Framing, Driving and Deepening Change
On July 1, 2015, Valerie S. Ashby assumed the deanship of Trinity College of Arts & Sciences (TCA&S), marking a new chapter in the Trinity’s leadership and a new opportunity to imagine and reimage the Arts & Sciences. To develop vision and priorities for TCA&S, she posed three fundamental questions that have become the guiding principles for our work: Why are we here? How do we behave? And what are we going to do?
Why are we here? Our mission is to advance knowledge through research and to deliver a world-class liberal arts education in a leading research environment. A liberal arts education engages faculty and students together in the process of inquiry and discovery. It develops critical thinking and the willingness to question what one thinks one knows. It provides room for new perspectives through intellectual empathy. Indeed, we are transformed as faculty, students and staff when we fully embrace the idea that we learn the most from the people with whom we have the least in common. In the classroom and lab, in art studios and concert halls, and in other countries immersed in another language, we benefit most when we step outside of the familiar and embrace the unknown in new and innovative ways.
How do we behave? The work of Trinity College of Arts & Sciences calls for a culture of service with a clear commitment to faculty and staff colleagues and to our students. It demands a commitment to the entirety of scholarship: teaching, research and service. It calls for a willingness to listen carefully and to participate in new collaborations. It requires us to identify, prepare, and support leaders. It necessitates communication that is honest, straightforward, and transparent. It requires us to recognize, value, and capitalize on our differences. And finally, it requires a clear perspective that the achievement of excellence is an imperfect process that requires daily work.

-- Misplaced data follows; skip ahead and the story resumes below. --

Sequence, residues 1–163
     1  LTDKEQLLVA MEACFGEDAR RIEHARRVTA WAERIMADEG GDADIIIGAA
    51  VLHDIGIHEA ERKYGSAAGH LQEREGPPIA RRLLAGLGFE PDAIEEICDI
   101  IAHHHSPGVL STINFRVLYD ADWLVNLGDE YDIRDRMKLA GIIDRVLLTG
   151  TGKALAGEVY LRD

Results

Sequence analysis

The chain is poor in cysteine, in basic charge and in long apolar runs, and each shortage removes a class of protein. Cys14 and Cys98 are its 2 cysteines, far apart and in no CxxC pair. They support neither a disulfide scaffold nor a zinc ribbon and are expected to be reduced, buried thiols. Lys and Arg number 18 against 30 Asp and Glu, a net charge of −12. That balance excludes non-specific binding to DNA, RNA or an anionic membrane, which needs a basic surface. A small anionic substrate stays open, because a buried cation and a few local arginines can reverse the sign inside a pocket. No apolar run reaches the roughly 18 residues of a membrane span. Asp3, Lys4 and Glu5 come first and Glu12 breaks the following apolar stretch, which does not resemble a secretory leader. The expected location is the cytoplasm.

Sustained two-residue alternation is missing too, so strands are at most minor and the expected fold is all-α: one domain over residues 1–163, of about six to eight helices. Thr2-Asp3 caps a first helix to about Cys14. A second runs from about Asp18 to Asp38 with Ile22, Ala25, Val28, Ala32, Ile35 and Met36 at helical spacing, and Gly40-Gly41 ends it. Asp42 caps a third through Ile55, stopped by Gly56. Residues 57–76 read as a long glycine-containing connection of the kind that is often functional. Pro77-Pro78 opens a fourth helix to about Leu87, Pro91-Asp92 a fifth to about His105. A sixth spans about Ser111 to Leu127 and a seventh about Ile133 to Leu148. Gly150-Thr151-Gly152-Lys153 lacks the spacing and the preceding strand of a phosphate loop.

And what are we going to do? In advancing Trinity College of Arts & Sciences, we are focusing on three overarching themes and common goals:
- Leadership and Mentoring
Each of these priorities overlaps with the other two; taken together, they frame a clear operating strategy for advancing the school. These three goals have been articulated consistently and affirmed in discussions with faculty, students, staff, as well as with the TCA&S chairs, the A&S Council, and the Trinity College Board of Visitors. They inform all of our strategic planning efforts.
Goal 1: Advance Excellence in Research, Teaching and Service